After the 2013 floods, new roads were built from Rambara, they are steep and longer. It is a 10 km journey to Kedarnath, which, earlier, was only six km. Earlier the vehicles plied till Gaurikund and then the trek started. Now, pilgrims start from Soneprayag and the total trek is 22 kilometres. The result: A bottle of water costs Rs 40.
It is 11 am and at a nearby godown, officials of the Nehru Institute of Mountaineering (NIM) are briefing labourers about the day’s work. Since 2013, most of the development works have been outsourced to NIM, who also identified the new route from Rambara to the shrine and started building roads, and bridges. Amod Pawar, one of the core members of NIM, says that in addition to the construction work, the institute is also responsible for an evacuation plan, in case disaster strikes again. “A three-tier protection plan is in the works. We will fence the area with gabion wire near the Chorabari lake from the where the devastation started to stop the boulders from hurtling down,’’ he says. Pawar adds that a 20-feet iron wall will also be built behind the temple with spaces in between to minimise the impact of water flow.
Suddenly, one hears the sound of JCBs roaring; the machine is transferring large amounts of mud from one place to another. Elsewhere, iron blocks weighing three quintals have been brought by Nepalese workers from Soneprayag. These will be used to reconstruct a bridge at Kedarnath. Almost all the work is carried out by Nepalese labourers, most of whom have come from Kalikot district in Nepal. Kishan Bahadur, 28, has left his wife and two children, in Nepal, simply for the pay. “We get Rs 18,000 per month during trekking season. Our lodging and meals are also free,” he says.
But the temple premises are yet to see signs of rehabilitation. It’s a disturbing sight and under the shattered houses and broken ceilings, unclaimed bodies remain. Bharat Vajpei, 52, a resident of the town, sleeps on a makeshift platform of flat wooden sheet in his dilapidated house, where the walls are supported by loose bricks. “I don’t have any other place to go. I stay so that some day I can see that the bodies of my brother and nephew are pulled out,” he says.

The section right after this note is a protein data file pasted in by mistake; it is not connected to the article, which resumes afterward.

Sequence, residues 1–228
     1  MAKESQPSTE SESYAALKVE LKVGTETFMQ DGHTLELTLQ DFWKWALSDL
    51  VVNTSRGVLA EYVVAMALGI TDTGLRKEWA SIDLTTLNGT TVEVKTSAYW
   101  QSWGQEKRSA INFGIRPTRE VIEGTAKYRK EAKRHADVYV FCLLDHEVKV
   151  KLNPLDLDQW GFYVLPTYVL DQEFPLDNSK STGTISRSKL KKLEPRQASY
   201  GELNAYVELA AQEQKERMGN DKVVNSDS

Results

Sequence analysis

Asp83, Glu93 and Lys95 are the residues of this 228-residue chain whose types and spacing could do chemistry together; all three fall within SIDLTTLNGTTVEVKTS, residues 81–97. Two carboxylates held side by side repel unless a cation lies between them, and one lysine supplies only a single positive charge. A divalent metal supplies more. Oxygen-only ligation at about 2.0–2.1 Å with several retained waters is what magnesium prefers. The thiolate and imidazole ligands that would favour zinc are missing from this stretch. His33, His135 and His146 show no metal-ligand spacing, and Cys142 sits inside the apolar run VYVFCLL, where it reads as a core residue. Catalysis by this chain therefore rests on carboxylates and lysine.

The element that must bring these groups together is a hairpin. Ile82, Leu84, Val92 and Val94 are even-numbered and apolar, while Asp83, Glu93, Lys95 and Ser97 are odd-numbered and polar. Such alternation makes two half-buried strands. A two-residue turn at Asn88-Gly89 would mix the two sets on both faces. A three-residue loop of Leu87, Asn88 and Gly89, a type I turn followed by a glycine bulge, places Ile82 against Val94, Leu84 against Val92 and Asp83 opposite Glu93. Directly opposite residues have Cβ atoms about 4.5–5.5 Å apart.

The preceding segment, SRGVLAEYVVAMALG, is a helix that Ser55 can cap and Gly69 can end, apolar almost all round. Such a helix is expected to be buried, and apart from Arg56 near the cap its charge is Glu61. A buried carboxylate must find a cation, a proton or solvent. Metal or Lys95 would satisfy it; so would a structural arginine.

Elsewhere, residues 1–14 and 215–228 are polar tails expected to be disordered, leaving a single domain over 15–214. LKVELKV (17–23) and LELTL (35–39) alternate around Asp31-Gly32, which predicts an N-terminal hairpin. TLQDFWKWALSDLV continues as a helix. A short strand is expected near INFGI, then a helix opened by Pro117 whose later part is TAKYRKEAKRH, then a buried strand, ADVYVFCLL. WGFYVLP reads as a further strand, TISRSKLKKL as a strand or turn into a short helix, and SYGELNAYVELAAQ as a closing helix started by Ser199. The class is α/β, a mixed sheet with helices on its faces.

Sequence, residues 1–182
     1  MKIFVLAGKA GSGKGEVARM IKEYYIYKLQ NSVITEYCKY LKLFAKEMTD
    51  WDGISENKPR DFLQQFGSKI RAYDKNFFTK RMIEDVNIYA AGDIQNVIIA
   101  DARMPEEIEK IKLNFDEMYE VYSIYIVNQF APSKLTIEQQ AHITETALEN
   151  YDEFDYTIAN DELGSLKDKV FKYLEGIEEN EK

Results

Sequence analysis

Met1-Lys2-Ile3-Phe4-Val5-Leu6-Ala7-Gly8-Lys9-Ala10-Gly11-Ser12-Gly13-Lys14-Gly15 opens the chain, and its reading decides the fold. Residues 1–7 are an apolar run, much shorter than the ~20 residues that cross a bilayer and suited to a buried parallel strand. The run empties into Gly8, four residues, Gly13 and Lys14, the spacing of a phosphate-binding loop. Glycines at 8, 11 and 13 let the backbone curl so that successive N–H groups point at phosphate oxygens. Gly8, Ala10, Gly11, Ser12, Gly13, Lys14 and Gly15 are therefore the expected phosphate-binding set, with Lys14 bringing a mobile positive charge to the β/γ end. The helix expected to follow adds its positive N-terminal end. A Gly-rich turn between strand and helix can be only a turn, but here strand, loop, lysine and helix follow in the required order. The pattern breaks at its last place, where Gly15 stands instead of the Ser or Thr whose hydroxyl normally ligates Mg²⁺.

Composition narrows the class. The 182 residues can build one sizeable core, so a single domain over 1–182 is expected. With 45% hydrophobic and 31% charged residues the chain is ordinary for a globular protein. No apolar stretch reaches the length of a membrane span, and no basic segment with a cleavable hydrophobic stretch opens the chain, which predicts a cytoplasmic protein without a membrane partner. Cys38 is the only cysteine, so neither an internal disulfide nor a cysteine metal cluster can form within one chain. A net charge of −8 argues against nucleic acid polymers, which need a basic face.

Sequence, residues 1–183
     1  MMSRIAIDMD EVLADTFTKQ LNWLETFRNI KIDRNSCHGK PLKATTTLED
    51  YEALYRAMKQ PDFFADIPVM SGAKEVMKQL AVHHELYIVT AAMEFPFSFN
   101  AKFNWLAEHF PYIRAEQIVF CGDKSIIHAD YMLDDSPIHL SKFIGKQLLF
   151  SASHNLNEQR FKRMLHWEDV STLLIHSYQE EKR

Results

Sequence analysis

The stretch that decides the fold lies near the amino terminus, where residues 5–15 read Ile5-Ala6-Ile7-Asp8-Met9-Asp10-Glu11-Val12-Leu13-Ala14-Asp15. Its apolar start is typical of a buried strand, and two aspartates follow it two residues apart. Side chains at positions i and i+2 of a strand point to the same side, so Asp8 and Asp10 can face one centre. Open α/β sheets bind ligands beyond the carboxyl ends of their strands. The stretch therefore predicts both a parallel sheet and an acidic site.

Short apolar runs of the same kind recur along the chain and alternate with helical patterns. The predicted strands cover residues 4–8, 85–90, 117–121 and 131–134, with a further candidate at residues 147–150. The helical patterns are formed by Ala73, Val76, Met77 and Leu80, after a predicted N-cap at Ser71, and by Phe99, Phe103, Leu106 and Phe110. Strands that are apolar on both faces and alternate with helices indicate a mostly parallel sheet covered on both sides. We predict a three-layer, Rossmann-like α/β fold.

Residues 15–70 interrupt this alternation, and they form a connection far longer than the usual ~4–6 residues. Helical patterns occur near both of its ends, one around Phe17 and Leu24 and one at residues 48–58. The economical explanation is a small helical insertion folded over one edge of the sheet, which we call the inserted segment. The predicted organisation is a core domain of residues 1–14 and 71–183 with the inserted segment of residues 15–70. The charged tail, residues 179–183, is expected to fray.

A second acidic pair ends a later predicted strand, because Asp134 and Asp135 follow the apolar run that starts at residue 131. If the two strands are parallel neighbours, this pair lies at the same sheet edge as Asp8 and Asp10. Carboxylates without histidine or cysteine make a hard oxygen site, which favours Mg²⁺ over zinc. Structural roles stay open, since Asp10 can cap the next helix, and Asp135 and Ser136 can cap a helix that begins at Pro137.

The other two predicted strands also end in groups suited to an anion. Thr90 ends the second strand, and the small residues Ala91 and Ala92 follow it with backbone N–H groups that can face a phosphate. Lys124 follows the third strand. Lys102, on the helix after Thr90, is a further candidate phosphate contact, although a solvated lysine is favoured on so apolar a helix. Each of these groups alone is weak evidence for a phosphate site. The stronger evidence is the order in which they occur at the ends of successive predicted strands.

Those whose houses are under debris are awaiting government clearance to build a house. So far, around 47 buildings have been demolished to pave the way for a new, wider, road till the main temple. The priests whose houses have been demolished have been compensated to the tune of Rs 16.5 lakh per property.
Nearly 12 hours later, at night, there is not a soul around. Mules are seen grazing en route to the shrine, a few dogs follow them all the way. Near the NIM camp, shops are closed and houses shut, a police post left unmonitored. There is only an electronic board running a message: Welcome to Kedarnath.
At night, under the clear sky, Kedarnath is a ghost town. Once where people thronged the narrow streets till late, there is little barring broken houses and uncleared debris. A few posters bearing the face of the missing can still be seen on a few walls in the area. The forceful gushing of the Mandakini river is the only sound that can be heard for miles around. There is one more fear that has engulfed the town. A few priests say that many are fearful as there are several bodies still buried under the debris. In some corners, the stench of dead bodies still wafts in the air. “Some of us fear the presence of supernatural beings and we are afraid at night. That’s why all the people sleep with their lights on,” says a priest.